Jihan Ayesh is a Ph.D. student from Palestine in the Teaching and Curriculum program at the Warner School of Education, University of Rochester, NY. She has a BA degree in English Language and Literature from Bethlehem University, West Bank, and an MA degree in Teaching English to Speakers of Second Language (TESOL) from Nazareth College, NY. Jihan has been working as an English Language Teacher for diverse school and college-level students in Palestine and the United States. She also works as a Writing Consultant. Inspired by her passion for reading, Jihan volunteers in a reading program for at-risk children for reading difficulties in Rochester, NY. Her research interest is literacy and reading engagement for young English language learners, with a focus on the ones from disadvantaged backgrounds. She can be reached at
Sarvenaz Balali is a Ph.D. candidate in English at Texas A&M University-Commerce specializing in applied linguistics. Sarvenaz holds a master’s degree in linguistics and a Bachelor of Arts in English translation. She has presented in a few local and international conferences. She has also published a brief essay titled “Diversity in Terms of Complexity Theory” in the AAALGrads newsletter. Sarvenaz’s current research focuses on socio-cultural aspects of language learning with a specific focus on “cultural discontinuity”. However, her research interests span a wider range of topics. And, she wishes to develop her current research to explore various aspects of cultural diversity as well as how it may contribute to the process of learning a second language.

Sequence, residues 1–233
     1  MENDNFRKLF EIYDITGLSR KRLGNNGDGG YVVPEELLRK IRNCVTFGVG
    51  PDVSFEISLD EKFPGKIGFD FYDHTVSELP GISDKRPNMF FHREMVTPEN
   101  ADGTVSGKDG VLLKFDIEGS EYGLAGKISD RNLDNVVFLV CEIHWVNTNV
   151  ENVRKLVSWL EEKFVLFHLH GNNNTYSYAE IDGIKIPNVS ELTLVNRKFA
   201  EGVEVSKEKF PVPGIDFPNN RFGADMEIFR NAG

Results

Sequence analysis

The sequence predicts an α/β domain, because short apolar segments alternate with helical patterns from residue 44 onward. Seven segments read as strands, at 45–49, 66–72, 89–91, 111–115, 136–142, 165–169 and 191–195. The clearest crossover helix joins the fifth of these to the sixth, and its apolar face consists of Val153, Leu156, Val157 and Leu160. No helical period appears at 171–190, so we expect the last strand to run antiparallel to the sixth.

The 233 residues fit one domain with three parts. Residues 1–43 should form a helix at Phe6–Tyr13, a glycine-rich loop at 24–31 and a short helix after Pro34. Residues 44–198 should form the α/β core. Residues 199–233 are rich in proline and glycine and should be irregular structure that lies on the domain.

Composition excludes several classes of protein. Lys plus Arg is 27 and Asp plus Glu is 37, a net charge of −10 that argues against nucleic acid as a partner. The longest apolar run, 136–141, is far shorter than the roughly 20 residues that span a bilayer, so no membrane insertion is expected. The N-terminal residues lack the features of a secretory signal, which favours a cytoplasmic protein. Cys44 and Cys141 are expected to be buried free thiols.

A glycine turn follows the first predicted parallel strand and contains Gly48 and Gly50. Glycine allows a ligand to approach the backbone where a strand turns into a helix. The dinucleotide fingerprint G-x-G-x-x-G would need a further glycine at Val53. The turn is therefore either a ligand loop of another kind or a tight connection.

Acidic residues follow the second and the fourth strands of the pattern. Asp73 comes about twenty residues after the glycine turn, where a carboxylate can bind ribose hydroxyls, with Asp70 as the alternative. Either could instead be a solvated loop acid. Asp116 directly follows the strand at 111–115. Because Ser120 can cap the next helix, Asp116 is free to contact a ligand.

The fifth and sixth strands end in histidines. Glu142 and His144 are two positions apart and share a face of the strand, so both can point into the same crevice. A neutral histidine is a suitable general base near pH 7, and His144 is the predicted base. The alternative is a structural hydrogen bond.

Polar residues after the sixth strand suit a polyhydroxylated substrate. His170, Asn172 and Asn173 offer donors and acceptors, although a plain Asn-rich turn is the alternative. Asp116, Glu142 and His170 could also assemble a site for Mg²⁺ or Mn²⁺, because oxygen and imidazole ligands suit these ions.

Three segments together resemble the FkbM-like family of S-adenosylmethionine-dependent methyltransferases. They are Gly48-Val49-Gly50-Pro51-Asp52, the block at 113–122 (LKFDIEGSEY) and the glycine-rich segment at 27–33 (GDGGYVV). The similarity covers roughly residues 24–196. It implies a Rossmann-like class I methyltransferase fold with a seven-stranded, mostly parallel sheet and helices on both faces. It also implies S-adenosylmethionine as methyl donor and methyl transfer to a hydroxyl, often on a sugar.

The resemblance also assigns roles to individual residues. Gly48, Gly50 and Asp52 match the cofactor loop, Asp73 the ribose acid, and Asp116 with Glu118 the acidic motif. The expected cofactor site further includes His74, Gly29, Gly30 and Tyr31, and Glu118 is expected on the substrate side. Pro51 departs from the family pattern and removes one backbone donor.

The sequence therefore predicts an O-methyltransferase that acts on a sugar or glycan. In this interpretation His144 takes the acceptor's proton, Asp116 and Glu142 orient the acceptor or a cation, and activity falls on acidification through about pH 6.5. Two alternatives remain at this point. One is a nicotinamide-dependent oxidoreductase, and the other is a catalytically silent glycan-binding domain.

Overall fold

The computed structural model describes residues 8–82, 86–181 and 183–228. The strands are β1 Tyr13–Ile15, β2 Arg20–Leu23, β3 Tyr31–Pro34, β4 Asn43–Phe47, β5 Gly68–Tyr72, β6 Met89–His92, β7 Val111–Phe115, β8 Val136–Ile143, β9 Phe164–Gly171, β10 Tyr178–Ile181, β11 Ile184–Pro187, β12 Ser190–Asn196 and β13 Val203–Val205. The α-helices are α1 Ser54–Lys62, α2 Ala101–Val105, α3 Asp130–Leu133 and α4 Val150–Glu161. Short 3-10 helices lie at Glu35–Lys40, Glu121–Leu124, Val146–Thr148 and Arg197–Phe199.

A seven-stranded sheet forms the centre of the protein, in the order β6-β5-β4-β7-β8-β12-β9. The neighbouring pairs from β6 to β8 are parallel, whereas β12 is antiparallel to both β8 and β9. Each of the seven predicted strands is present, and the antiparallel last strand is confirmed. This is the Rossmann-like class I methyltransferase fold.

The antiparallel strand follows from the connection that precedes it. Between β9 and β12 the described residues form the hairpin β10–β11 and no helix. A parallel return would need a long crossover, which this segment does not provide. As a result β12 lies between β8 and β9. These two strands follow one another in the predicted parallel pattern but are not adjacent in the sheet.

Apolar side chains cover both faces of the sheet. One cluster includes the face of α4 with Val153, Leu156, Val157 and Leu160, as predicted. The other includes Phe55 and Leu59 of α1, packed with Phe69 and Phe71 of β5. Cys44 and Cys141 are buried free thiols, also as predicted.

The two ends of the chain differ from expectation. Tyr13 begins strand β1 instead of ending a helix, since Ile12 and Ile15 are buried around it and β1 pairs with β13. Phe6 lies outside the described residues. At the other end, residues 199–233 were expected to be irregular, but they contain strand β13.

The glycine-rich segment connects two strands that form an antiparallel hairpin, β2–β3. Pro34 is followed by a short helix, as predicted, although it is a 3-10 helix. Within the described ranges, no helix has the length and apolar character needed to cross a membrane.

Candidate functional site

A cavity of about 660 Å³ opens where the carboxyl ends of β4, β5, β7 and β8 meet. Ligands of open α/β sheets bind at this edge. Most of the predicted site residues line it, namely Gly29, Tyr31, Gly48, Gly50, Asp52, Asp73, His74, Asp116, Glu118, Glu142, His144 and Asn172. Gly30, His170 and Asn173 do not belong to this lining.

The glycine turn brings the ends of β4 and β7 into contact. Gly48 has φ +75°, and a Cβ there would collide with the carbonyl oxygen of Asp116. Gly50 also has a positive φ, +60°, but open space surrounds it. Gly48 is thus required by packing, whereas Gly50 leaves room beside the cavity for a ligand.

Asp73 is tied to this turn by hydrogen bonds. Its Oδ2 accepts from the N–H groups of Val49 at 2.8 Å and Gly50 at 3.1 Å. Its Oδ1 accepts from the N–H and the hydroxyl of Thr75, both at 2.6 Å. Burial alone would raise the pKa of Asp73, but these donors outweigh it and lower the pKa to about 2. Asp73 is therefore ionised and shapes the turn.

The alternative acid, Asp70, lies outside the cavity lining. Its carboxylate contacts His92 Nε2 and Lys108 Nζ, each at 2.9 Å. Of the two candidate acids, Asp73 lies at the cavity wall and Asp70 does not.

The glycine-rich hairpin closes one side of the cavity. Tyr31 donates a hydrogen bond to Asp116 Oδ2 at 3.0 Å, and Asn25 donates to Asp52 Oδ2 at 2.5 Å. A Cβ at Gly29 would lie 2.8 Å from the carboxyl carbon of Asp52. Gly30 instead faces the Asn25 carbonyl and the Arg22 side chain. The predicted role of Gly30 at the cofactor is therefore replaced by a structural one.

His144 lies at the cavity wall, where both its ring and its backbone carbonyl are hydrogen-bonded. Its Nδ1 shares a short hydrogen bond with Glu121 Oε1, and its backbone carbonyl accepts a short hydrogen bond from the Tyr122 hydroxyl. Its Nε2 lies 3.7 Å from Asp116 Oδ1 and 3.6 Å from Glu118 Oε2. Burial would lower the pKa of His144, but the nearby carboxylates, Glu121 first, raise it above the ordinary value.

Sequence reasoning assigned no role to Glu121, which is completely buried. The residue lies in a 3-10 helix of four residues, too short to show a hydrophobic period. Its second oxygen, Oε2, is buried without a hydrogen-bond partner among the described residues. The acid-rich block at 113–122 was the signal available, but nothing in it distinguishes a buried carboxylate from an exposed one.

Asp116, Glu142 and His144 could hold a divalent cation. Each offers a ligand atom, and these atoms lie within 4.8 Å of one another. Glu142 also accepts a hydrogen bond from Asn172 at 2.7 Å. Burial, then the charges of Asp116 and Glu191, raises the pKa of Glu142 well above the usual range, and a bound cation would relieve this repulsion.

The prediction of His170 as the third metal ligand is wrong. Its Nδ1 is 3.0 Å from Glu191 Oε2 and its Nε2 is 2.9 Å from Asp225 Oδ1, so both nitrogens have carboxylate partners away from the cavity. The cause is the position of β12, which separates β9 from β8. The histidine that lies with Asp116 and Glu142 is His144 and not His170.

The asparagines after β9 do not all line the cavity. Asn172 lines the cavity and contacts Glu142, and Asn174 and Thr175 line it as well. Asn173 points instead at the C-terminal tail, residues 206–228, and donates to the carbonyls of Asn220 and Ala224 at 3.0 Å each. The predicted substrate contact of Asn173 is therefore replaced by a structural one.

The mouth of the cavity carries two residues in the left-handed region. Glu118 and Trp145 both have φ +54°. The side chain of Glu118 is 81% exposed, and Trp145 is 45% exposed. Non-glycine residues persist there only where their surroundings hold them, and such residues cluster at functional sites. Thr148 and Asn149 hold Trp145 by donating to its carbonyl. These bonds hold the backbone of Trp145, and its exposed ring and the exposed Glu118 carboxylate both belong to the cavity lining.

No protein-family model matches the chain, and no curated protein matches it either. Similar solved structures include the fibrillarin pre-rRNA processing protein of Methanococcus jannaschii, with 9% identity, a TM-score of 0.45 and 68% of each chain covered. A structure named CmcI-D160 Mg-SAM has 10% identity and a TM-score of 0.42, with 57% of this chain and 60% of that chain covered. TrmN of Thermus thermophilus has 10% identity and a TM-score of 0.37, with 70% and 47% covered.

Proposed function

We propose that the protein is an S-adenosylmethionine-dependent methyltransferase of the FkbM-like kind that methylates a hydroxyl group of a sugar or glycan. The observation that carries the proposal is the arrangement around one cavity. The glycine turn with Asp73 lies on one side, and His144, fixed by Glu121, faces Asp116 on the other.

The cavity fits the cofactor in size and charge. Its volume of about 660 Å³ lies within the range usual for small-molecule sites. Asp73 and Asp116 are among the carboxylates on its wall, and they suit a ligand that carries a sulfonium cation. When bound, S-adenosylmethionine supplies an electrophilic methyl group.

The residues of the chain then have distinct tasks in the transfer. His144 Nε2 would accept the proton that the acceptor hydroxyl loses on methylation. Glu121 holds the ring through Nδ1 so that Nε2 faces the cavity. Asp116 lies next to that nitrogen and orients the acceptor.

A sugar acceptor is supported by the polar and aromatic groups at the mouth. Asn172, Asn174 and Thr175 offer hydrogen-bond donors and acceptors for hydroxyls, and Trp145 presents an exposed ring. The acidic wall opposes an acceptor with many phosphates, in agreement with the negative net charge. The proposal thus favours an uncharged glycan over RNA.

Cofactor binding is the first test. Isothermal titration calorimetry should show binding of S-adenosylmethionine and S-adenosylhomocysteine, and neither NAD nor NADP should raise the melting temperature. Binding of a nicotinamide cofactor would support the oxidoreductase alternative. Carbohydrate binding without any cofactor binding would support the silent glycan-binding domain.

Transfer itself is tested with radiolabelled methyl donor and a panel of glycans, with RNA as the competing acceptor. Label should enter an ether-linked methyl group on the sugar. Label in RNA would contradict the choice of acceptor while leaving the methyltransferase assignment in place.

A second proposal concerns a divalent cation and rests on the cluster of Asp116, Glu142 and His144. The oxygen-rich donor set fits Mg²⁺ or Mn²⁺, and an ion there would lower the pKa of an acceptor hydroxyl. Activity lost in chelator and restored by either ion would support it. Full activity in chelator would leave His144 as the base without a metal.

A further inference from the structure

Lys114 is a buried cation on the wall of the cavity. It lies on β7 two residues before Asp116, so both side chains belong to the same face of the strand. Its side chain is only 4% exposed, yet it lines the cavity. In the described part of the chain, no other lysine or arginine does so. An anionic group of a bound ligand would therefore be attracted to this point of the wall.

Zakaria Fahmi is PhD student in the Linguistic and Applied Language Studies (LALS) at the University of South Florida (USF). Zakaria holds a BA in English language and literature from Morocco, his country of origin, and an MA in Liberal Arts from Middle Tennessee State University (MTSU). He has been teaching ESL, French, and Arabic courses in various educational settings. His research interests center around areas of linguaculture, language ideology, and corpus assisted discourse studies. His dissertation project is invested in examining the practices of linguistic standardization and its inequities on culture in foreign language classrooms. He joined the Diversity Sub-committee to help accelerate the efforts to secure a diverse and equitable participatory environment. He can be reached at firstname.lastname@example.org.
Frances Wenrich is a Graduate Student in Teaching English to Speakers of Other Languages (TESOL) at Boston University- Wheelock College of Education and Human Development. Frances holds a Bachelor of Science in Chemistry with a concentration in Biochemistry. Her current research investigates topics including language engagement and second language acquisition. The target demographics for her research studies specifically consider underrepresented populations. Frances plans on pursuing a PhD after completing her Master's. Frances intends to use her role in the AAAL diversity sub-committee to continue advocating for greater inclusivity in the field and promoting diversity in the AAAL graduate student community. She can be reached at email@example.com